The art deco-inspired Peninsula Shanghai was topped off a few months ago and is now set to open later this year. It will be the hotel chain’s ninth property worldwide, but the opening also holds special significance for parent company, Hongkong and Shanghai Hotels Ltd. The company will return to the city where it began in 1923 after an absence of almost 60 years.
Rendering of the new Peninsula Shanghai, set to open later this year
Shortly after the 1949 takeover of the Chinese government by the Communist Party of China, Hongkong and Shanghai Hotels Ltd. and its owners, the Kadoorie family, were forced to leave Shanghai. The family, which had contributed significantly to the city’s cultural and financial success, had previously owned such iconic Shanghai properties as the The Kalee, Majestic, Palace and Astor House hotels.
Now, they are returning.
"It’s a homecoming for the Kadoories, and it’s the only new construction on the Bund since the early 1940s," said John Miller, Peninsula’s general manager for design and planning. "The site is a perfect match for us. It was a chance to do something retro, deco and romantic."
In fact, the new Peninsula Shanghai, with its interior tones of cerulean blue and ivory, exotic woods, imported stones, carved glass and polished chrome harkens back to the Shanghai of the 1920s, when the city was known as the "Paris of the East."
But the hotel is also state-of-the art and modern. The large cream marble bathrooms are equipped with a double vanity, hands-free telephone function, mood lighting and a separate bath and rain shower. A spa button beside the bathtub dims the lights, activates the "Do Not Disturb" sign on the phones and doorbell and switches on soothing music.
The entire complex, which cost some $361 million, is a joint-venture project between the Peninsula Group and Australia-based SPG Hotel Ltd. It is comprised of a 15-story luxury hotel with 235 rooms and suites, five restaurants, a shopping mall and 39 serviced apartments on a four-acre site. The multi-use concept is a first for the Peninsula group.
"There is a demand for luxury accommodations that are also safe," said Paul Tchen, the Peninsula Shanghai’s general manager.
Tchen added that the owners and guests of the apartment building will enjoy the same service as the hotel’s guests, including security.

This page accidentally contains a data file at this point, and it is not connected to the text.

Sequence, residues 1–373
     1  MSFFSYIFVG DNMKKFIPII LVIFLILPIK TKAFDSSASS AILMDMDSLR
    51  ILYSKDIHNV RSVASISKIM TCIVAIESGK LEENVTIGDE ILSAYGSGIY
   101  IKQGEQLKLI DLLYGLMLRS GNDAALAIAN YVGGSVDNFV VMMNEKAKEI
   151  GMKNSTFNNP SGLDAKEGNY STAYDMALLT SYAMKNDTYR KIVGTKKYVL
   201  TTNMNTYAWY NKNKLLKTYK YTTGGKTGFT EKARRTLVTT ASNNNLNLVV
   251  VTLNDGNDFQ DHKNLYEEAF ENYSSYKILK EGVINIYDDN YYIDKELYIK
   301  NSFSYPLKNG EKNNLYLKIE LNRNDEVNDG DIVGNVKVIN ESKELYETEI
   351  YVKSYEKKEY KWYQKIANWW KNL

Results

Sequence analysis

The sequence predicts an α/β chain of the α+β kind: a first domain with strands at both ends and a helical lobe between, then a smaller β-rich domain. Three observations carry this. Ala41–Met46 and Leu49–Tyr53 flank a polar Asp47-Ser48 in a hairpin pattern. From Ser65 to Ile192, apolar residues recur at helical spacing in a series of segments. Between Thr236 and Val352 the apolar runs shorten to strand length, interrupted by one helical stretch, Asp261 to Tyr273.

Planning for the new hotel began in 2002, when the company was approached by Shanghai city officials and presented with a design for how the north end of the Bund could be developed. The Peninsula group had turned down several previous offers to build hotels in Shanghai, but never on The Bund.
Miller knew it was the right fit when he saw the actual site, which is adjacent to the old British Embassy gardens.
"I knew that it was an incredible site. I knew we had to find a way to do it, but do it properly," he said.
What followed was a spirited give-and-take between the Peninsula Group and Shanghai development authorities, during which the hotel company’s plans underwent at least 10 different versions before they were finally approved.
"We actually built a full-scale, three-story section of the hotel with windows right on the site," said Miller. "It was reviewed by the authorities and finally approved. The Chinese authorities were difficult, but not unreasonable. But don’t forget, they must look after one of the most historically significant areas of their city."
The result is an L-shaped building fronting The Bund that blends in with the traditional architecture but also boasts the usual amenities of the Peninsula chain. The beige facade of the hotel rises to 10 stories and then steps back with a series of terraces.
"If you look at the whole Bund," said Tchen, "it fits right in, like it’s been there for many, many years."